Archive for June, 2010

Back to Blighty

June 7, 2010

So the ‘summer’ holidays are upon us (people here seem to treat this as winter, and whilst it is slightly cooler than when I first arrived it’s not substantially colder and we are still technically in the northern hemisphere here, so it’s not really fair to claim that it’s now winter). General expectations seem to be that hanging around for June and July is not the done thing, so I’m flying back to the UK tomorrow (unless I miss my flight). There are many many many good reasons to be returning.

I see very little point in continuing to write blog entries during this period, so I guess this will be my last entry until the end of July I suppose.

Since I’m not in the UK very much these days I’m naturally trying to squeeze in visits to all manner of different people and places – the next few weeks will see me visiting London at least three times, Birmingham twice and at least one trip to each of Cambridge, St Andrews and even deepest dakest Maidstone as well as occasionally being in my hometown of Leeds. Based on comments made on previous posts this blog certainly has readers as far afield as Bristol and Manchester (or is that Necastle these days?) Anyone wanting to say hello, just drop me a line!


Please sir, can have some more notes?

June 2, 2010

So it seems that over here, following the marking of exams the students are actually allowed to dispute the ‘notes’ (if you take the spanish word they use for marks/results/grades/scores/whatever you want to call them and translate it into English this comes out as notes and you can imagine the confusion this has caused at various times). The result is a constant stream of students coming to my office wanting to see their exam script and have a quick argument. Even if they find nothing wrong with the marking (or should that be noting?) they start disputing the calculation of their grades. Remember they really go OTT with continuous assesment here and consequently actually calculating the final grade entails considerable amounts of tearing my hair out over a spreadsheet since there are so many different numbers with very different weights that have to be plugged into an overcomplicated formula to compute the final grade (three exams each accounting 15%, three other exams whose MEAN accounts for another 15%, a mark out of five given to them by the postgraduates overseeing the examples classes – which I have the power to tweek – accounting for another 15% and the final exam accounting for a mere 25%).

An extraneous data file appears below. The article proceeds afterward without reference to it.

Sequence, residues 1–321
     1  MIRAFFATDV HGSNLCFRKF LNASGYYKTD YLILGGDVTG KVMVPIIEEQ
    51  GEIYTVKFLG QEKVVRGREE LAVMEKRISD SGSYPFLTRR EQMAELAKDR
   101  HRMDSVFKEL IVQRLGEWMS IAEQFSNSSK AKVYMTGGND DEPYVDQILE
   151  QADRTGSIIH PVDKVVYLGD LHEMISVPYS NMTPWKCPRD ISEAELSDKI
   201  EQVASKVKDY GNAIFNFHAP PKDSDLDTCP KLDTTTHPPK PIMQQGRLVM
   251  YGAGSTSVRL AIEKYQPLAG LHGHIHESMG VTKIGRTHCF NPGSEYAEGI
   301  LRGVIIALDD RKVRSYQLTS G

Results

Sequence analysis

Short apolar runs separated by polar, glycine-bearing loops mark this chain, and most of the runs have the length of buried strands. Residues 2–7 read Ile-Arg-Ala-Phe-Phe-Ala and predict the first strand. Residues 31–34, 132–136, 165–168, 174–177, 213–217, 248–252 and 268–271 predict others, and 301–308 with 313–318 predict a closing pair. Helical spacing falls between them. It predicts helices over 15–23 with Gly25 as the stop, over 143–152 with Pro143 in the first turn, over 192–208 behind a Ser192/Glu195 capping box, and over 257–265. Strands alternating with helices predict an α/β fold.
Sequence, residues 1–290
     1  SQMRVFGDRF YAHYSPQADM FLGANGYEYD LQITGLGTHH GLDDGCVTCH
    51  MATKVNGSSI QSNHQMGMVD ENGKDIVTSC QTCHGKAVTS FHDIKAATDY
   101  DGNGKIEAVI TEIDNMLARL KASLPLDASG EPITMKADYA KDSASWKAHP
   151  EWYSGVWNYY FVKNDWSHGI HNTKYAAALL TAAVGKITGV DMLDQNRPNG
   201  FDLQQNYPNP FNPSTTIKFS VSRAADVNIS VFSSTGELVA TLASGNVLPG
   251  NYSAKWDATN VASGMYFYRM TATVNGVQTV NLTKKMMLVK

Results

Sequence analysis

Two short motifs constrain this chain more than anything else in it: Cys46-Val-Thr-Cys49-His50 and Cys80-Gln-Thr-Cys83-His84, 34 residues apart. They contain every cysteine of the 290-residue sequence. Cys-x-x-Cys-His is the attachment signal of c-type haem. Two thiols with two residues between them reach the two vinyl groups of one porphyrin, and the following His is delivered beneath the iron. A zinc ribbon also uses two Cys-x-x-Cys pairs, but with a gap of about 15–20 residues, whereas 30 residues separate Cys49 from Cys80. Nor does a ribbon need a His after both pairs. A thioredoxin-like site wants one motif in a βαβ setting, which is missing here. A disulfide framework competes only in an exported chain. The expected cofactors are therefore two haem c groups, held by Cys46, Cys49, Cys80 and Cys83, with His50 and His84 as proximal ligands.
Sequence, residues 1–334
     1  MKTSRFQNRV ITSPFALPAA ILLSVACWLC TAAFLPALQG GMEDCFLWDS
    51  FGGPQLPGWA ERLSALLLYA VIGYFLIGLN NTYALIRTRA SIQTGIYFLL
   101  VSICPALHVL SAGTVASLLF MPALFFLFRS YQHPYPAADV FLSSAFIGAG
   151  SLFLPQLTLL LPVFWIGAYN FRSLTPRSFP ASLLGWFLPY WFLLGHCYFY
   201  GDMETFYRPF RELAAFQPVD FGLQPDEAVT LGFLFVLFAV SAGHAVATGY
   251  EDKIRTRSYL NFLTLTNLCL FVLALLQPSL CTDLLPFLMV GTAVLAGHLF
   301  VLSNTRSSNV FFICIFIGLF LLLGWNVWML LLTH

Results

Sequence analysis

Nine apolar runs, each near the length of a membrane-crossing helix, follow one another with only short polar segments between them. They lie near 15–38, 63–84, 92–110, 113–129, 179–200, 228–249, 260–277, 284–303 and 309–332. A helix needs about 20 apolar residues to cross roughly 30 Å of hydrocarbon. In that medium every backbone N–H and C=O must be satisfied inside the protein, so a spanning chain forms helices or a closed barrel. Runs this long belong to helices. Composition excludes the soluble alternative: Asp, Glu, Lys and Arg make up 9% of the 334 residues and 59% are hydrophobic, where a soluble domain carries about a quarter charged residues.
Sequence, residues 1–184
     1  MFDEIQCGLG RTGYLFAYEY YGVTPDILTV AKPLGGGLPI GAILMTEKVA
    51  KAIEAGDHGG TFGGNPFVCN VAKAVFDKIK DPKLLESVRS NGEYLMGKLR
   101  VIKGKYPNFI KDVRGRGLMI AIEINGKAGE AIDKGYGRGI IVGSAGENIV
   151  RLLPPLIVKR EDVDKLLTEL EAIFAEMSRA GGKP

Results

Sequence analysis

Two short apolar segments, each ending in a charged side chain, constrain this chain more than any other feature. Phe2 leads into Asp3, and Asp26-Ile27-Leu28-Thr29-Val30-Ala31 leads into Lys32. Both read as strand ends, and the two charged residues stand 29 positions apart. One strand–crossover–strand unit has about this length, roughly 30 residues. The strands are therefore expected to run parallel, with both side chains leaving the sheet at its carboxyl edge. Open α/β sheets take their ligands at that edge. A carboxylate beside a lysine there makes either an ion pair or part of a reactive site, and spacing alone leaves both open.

Thankfully this is all over now, and if half the horror stories my colleagues have told me are true I’ve actually got off pretty lightly. I’ve heard stories of students stealing scripts, changing their answers and then claiming the script was marked wrong. I’ve heard of students, realising that they need to find not one or two extra marks, but TEN extra marks (out of 25) to push their grade up proceeding to actually waste huge amounts of time scrutinising every square inch in an effort to pull off a miracle. There have been students who turn on the water works in an effort to gain the sympathy vote.

At least I don’t have to go through this again until December.